Directions to make soap

Suffering from Eczema most of my life I began making my own soap when I was in my twenties.  It took a long time of testing and trying before I came up with some recipes that really worked well for me.

natural soap recipe, making soap

Some of my handmade soap ready for the market

Natural soap recipes are by far the best! 

Soap made with skin loving oils will help to keep your skin moisturized, which in my case I found to be half the battle with the eczema.

In the winter where we live, the air is dry and it saps the moisture out of your skin, making it that much more important to make sure you use a bar of soap that will moisturize your skin rather than dry it out even more.

The more dry my skin was the more irritated it became and it seemed my outbreaks were way worse.


The recipe I use most is an Olive Oil, Coconut and Palm Blend

  • 1800 Grams Olive Oil
  • 450 Grams Coconut Oil
  • 300 Grams Palm Kernal Oil
  • 250 Grams Palm Oil
  • 250 Grams Grapeseed Oil
  • 420 Grams Lye (Sodium Hydroxide)
  • 4.5 Cups Water

I have 4 basic recipes that I have created and used over the years of soap making.  You can find them here Soap Making Recipes

I have also created a page with step by step instructions for making soap with pictures.  You can find this page here How to make soap the cold process way with step by step instructions and pictures

Basic Soap Making Recipes

soap making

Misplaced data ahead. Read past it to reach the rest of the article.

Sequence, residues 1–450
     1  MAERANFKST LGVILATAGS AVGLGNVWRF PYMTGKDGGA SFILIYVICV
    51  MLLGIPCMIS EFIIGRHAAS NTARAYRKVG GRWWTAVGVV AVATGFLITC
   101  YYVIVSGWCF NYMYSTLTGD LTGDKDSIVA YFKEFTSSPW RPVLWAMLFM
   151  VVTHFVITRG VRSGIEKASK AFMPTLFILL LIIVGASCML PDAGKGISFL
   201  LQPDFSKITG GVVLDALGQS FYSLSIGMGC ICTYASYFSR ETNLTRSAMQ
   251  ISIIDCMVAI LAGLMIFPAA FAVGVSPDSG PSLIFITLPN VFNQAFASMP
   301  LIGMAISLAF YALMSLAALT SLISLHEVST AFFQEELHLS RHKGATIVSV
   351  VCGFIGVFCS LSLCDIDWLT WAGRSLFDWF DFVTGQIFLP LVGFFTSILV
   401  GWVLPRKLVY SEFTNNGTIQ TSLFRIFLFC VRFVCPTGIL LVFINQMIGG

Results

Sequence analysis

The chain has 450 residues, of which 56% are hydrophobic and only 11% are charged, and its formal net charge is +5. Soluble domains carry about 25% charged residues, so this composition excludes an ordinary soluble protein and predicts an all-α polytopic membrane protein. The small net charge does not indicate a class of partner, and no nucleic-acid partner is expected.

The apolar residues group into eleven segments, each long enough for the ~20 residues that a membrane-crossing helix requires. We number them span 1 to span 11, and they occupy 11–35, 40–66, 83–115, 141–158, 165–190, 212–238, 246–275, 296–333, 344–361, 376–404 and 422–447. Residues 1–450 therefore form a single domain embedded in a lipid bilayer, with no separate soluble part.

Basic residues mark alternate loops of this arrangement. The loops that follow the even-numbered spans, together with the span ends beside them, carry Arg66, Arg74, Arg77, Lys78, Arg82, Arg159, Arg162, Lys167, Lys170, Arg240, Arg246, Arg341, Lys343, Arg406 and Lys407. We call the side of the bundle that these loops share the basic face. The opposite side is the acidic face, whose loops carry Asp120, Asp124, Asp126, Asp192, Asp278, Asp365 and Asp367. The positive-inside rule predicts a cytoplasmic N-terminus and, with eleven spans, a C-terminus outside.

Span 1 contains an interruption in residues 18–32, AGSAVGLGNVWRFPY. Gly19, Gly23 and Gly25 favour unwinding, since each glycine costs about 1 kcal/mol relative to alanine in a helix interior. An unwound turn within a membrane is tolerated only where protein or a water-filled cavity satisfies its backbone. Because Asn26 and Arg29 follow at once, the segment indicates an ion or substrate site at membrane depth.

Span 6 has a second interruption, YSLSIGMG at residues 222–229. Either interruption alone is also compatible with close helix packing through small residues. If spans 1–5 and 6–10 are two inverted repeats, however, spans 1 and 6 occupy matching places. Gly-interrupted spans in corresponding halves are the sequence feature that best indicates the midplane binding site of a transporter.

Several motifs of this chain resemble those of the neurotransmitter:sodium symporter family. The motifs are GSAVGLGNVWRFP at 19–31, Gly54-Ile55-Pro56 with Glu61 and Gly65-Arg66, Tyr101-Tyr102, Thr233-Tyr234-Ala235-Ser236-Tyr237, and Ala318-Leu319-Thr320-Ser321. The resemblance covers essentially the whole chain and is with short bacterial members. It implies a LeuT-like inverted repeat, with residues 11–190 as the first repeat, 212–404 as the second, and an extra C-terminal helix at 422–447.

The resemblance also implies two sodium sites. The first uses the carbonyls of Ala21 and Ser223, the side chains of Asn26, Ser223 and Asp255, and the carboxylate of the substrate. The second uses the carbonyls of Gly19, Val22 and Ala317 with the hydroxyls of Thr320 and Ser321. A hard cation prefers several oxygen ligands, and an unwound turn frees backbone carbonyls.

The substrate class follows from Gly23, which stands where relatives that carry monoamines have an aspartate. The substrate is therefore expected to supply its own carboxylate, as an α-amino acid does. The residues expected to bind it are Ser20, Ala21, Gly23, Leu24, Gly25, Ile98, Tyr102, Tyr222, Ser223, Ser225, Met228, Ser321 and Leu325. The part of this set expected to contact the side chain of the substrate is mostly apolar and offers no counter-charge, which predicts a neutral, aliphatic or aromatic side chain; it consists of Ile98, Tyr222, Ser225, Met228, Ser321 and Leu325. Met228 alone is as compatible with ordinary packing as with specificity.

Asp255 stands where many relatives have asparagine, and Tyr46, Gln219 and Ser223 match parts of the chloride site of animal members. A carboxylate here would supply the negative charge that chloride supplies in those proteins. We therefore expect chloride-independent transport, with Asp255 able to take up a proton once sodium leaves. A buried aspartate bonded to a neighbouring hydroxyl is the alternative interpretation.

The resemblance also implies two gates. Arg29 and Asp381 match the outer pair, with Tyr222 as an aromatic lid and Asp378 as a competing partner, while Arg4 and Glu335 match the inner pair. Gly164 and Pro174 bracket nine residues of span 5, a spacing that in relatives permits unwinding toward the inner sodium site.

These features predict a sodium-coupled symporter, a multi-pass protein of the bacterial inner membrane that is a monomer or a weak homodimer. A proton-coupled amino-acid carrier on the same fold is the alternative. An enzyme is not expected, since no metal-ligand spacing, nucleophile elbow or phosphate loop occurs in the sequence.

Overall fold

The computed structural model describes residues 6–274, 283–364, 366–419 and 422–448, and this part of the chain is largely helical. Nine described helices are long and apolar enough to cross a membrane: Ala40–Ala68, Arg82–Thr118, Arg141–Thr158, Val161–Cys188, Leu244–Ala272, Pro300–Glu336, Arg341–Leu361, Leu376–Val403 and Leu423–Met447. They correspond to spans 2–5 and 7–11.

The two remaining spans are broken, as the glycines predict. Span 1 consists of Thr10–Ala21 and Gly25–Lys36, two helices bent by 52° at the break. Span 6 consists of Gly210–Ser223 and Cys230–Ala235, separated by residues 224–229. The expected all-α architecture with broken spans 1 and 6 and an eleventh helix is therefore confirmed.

Four different scents on the curing rack

Making and using natural soap and keeping my skin hydrated really helped to slow down my outbreaks.  Of course I started making my own laundry soap as well and learned what I could and could not eat.

Here is a link to some basic soap making recipes to get you started.

Basic Cold Process Soap Making Instructions

Before starting gather all the equipment and ingredients you will need for you soap

Mixing your ingredients:

  1. Put on your protective clothing, apron, safety goggles, gloves etc
  2. Measure your water and pour it into the container you will be using for your lye/water mix
  3. Measure out your lye (sodium hydroxide)
  4. Slowly add the lye to the water, stirring to be sure it mixes well.  This should be done in a well ventilated area as the fumes can be quite strong.  This will only last for a 15 seconds or so.  Stir until the lye is completely dissolved in the water.  It will heat up to about 180 degrees and can now be put aside to cool down.
  5. While the lye/water is cooling use a scale and measure each of your soap oils and put into your stainless steel pot.
  6. Place this pot on your stove or hot plate and turn on low to heat to approximately 130 degrees.
  7. Once the oils have heated to 130 degrees take off the stove or hot plate and let them cool down to about 100 degrees.
  8. When the lye/water mix and the oils are both cooled down to about 100 degrees they are ready to be mixed.
  9. Slowly add the lye/water mix to your soap oils and stir you can use a stick blender and hand mix. Mix the soap until it traces. This is when the soap begins to thicken; you can test this by using your spoon to drizzle the liquid into the pot.  You will see a trace that stays on the surface of the soap mixture.
  10. Once the soap has traced this is the time to add your scent and color.
  11. Mix the scent and color in well
  12. Pour this mixture into the lined molds, cover with a piece of cardboard or plastic, put it to bed (place a blanket over the soap mold) and let set for a day or two.
  13. Once it has sit for a day or two, remove the soap from the mold and cut and put out to cure for 4 to 6 weeks.

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